Berger (2012) Pilot Study Investigating the Efficacy of Tempo-Specific Rhythm Interventions in Music-Based Treatment in Children with Autism Spectrum Disorder (ASD)
literature type:journal article
reference:Dorita S. Berger. Pilot Study Investigating the Efficacy of Tempo-Specific Rhythm Interventions in Music-Based Treatment Addressing Hyper-Arousal, Anxiety, System Pacing, and Redirection of Fight-or-Flight Fear Behaviors in Children with Autism Spectrum Disorder (ASD). Journal of Biomusical Engineering. 2012; Vol. 2: 15 pp.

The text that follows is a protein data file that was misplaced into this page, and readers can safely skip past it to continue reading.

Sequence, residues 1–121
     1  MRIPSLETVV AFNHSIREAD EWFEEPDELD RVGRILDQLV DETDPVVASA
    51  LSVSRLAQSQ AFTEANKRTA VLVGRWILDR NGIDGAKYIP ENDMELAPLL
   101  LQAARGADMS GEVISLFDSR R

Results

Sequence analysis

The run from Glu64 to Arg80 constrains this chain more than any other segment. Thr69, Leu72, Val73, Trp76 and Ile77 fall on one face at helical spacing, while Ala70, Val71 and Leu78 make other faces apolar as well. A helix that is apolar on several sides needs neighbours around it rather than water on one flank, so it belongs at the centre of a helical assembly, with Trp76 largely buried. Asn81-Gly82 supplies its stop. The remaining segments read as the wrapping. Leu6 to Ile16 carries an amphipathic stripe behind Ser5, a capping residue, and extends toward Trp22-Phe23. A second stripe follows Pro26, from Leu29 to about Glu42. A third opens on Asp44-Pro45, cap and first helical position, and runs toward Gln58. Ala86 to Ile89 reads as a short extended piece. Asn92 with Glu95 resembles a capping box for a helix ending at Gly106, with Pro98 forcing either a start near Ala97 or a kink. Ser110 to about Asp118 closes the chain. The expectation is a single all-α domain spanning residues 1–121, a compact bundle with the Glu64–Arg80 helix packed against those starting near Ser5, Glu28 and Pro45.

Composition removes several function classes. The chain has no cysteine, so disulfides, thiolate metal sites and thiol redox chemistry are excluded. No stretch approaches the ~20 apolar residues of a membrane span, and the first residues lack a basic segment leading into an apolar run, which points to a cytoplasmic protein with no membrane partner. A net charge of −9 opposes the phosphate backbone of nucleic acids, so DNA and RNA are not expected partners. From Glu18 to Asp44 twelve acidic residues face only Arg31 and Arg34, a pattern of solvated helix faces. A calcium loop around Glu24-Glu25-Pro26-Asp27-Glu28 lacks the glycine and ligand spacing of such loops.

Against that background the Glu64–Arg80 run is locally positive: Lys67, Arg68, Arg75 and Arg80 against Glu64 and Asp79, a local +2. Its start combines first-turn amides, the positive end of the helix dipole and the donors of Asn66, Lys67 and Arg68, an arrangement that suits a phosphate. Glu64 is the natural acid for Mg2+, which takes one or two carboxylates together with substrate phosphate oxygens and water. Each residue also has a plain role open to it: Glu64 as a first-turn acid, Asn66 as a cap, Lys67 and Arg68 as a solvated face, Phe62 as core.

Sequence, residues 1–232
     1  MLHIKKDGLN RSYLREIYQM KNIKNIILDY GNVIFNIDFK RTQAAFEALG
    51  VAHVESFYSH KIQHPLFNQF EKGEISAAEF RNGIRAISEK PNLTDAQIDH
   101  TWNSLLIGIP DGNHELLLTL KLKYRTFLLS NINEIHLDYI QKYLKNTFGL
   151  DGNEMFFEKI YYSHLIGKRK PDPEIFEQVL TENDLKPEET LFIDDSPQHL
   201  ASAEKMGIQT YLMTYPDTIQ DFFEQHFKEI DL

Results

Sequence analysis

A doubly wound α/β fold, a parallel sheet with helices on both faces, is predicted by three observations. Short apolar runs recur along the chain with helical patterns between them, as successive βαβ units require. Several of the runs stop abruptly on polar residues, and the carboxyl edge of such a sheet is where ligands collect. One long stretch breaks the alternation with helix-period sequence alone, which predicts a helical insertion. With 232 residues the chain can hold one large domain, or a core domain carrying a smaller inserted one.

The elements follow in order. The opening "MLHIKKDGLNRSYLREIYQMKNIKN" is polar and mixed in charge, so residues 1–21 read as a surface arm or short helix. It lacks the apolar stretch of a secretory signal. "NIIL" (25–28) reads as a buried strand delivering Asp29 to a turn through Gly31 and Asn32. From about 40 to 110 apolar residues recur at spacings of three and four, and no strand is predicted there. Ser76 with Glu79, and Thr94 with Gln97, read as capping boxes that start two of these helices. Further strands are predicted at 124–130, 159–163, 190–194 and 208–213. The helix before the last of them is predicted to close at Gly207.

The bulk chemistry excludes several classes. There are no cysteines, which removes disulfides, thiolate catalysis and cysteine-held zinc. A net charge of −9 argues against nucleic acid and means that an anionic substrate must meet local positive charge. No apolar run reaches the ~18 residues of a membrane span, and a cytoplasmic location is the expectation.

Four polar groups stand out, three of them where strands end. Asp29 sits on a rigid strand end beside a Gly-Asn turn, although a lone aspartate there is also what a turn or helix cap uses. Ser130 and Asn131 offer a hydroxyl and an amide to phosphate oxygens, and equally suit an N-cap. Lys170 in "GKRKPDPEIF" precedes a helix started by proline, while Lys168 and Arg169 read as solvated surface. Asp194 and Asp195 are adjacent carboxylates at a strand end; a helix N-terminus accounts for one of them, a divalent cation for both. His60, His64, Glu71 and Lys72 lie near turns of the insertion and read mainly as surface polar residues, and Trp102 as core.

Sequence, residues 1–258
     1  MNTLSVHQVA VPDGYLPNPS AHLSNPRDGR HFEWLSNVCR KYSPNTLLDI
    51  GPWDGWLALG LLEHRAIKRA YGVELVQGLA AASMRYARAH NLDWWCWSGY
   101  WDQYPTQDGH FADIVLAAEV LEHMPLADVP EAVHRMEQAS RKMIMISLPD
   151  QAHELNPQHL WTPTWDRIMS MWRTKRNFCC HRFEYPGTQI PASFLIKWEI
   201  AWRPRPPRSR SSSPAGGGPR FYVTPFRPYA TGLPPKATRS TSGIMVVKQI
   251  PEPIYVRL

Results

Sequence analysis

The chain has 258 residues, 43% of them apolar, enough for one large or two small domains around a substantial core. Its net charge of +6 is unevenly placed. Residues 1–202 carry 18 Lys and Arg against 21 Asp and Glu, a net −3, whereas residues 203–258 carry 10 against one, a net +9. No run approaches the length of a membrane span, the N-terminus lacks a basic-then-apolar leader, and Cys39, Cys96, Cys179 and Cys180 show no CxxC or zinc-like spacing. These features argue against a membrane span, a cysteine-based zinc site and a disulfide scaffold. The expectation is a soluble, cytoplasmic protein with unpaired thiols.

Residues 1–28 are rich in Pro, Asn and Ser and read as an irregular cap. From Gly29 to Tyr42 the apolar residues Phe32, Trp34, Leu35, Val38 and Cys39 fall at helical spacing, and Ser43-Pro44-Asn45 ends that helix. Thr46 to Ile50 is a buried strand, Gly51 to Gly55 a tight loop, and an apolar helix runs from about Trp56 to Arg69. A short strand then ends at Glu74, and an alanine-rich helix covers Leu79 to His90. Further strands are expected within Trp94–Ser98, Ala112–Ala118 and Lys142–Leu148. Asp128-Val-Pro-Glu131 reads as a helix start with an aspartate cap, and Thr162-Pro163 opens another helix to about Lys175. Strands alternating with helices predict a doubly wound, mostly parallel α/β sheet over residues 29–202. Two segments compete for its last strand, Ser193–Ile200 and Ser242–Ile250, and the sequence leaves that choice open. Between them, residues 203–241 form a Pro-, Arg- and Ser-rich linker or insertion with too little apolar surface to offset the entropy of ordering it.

description:Many behaviors in children diagnosed with autism spectrum disorder (ASD) resemble fight-or-flight avoidance responses resulting from habitual states of fear, possibly induced by sensory processing issues, causing on-going stress and deregulation of systemic pacing. This study hypothesized that patterned, tempo-based, rhythm interventions, at 60-beats per minute (pbm), can regulate and induce systemic pacing, reduce repetitive anxiety behaviors and enable focus and calm in persons with ASD. Eight-week pilot study investigated the influence of four sensorimotor rhythm interventions for habituation (entrainment) of systemic inner rhythms, pacing, stress, anxiety, and repetitive behavior reduction, ultimately yielding eye-contact, attention, motor planning, and memory. Six subjects (n = 6) ages 8–12, with ASD and minimal expressive language, were treated in 45-minute weekly one-on-one music therapy session, over eight weeks. A rating scale tracked responses and progress in vivo per session, and on video-tape. Lifeshirt heart-monitor vest with embedded wireless sensors, worn by each subject during the first, fifth and eight sessions, tracked heart-rate data. Results support the hypothesis that highly structured rhythmic interventions at a slow tempo can yield levels of systemic pacing, motor planning, visual contact, attention, reduction of anxiety and repetitive behaviors, and functional adaptation.